Making an auspicious entry into children's books, Laden provides a stylish, droll answer to the riddle of what dogs do while their owners sleep. Her narrator is forced to revise his low opinion of the seemingly sedentary family pet ("I always thought he was a boring dog") after he spies the pooch alighting from a limousine early one morning, wearing a tuxedo. Tailing him that night, he discovers that the doghouse is in fact a well-appointed bachelor pad and his dog the owner of a spiffy canine nightclub, where dogs go to relax, get treats without having to lie down or play dead, and "talk about their problems with the mailman, or with the poodle next door." Skewed angles and perspectives and a mauve-and-midnight-blue palette ably capture the boy's disorientation, wonder and eventual admiration of his pet's jaunty after-hours persona. The art is at once broadly expressive and full of small, witty details (e.g., the limousine's vanity plate reads K-9). The visual playfulness extends even to the hand-lettered text, which is animated by such variations as inverted lettering for "roll over," chewed lettering for "hungry," and near-pictograms (the word "sit" rests on a chair). A salutary outing spun from a simple but rich idea. Ages 4-10.
PARENTS' CHOICE, 1994 Award Winner
This comedic gem concerns a garden-variety canine"nothing exotic or special"who spends his afterhours running a splendiferous nightclub for stressed-out fellow dogs. The author/artist's bold and mysterious full-paged pastels have a compelling nocturnal pizazz and her inviting, hand-lettered text encourages young listeners to supply key words on their own (witty graphic hints virtually guarantee success). This zany debut is cause for celebration.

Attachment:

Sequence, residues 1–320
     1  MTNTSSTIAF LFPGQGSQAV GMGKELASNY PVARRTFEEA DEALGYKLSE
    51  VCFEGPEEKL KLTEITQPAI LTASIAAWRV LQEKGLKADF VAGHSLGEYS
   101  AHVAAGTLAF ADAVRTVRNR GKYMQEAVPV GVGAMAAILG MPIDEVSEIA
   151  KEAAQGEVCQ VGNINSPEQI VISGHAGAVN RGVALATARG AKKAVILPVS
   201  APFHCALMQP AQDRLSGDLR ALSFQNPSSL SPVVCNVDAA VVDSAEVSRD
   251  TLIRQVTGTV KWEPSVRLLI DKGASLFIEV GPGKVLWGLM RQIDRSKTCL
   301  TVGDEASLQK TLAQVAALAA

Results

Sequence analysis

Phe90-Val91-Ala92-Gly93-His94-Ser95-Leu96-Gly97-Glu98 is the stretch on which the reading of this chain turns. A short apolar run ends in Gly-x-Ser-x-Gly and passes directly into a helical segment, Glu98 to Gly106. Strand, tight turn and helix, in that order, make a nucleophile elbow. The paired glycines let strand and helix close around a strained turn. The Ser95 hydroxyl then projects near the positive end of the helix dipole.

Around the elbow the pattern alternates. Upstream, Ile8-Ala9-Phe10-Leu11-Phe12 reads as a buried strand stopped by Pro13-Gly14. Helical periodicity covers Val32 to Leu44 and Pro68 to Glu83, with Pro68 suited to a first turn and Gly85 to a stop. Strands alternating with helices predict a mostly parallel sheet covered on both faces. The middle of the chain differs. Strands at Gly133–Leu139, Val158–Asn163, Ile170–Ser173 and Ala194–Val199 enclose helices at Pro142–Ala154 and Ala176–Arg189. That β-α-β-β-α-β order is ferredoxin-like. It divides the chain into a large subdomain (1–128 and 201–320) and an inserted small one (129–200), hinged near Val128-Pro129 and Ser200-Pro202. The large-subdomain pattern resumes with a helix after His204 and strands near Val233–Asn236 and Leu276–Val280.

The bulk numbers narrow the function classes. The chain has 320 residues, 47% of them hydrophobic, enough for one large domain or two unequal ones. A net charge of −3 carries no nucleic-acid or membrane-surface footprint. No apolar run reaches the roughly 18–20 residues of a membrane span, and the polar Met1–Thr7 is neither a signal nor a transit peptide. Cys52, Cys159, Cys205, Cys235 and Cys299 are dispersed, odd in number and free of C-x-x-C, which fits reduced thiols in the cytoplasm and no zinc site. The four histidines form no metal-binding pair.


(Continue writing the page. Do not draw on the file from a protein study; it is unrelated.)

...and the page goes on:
SCHOOL LIBRARY JOURNAL, February 1995
"It's 10 p.m. Do you know where your dog is?" If not, join in this book's extraordinary suppositions. A young boy relates the events of "the night I fol1owed my dog." A dull pet by day, the pup dons a tuxedo and tie after dark, climbs into his limo (vanity plateK9), and goes to his club, The Doghouse. Bogart's got nothing on this pooch as he shows his young master, who has secretly tailed him, around the club. The crisp and colorful pastel drawings of the anthropomorphized clientele are amusing, but test of all is the frolicking text with several words per page decked out in appropriate illustrative (almost rebus) fashion. Sophisticated enough for older children and silly enough for younger listeners, this boy-and-his-dog book has a clever text, great illustrations, and strong appeal.
NEW YORK NEWSDAY
Another canine wonder is the mongrel from The Night I Followed the Dog, by Nina Laden. Daytime, he's got a perfectly normal doggie life, spent sleeping and hanging out around his food bowl. But after dark, to his human companion's astonishment, he dons a tux and hails a limo to The Doghouse, a downtown after-hours club. "See all the sofas? We can sit on the sofas here," says the dog. "We can get treats without having to lie down, roll over, or play dead. And if we want to chew on a shoe or chase our tail, no one will stop us. We have no masters here, no leashes and no rolled up newspapers. This? This is a place where dogs can be dogs." Laden's full-page pastel pictures are wonderful, and her big, handlettered text is a typographic delight.
This boy-and-his-dog book has a clever text, great illustrations, and strong appeal. School Library Journal
This zany debut is cause for celebration. Parents Choice, 1994 Award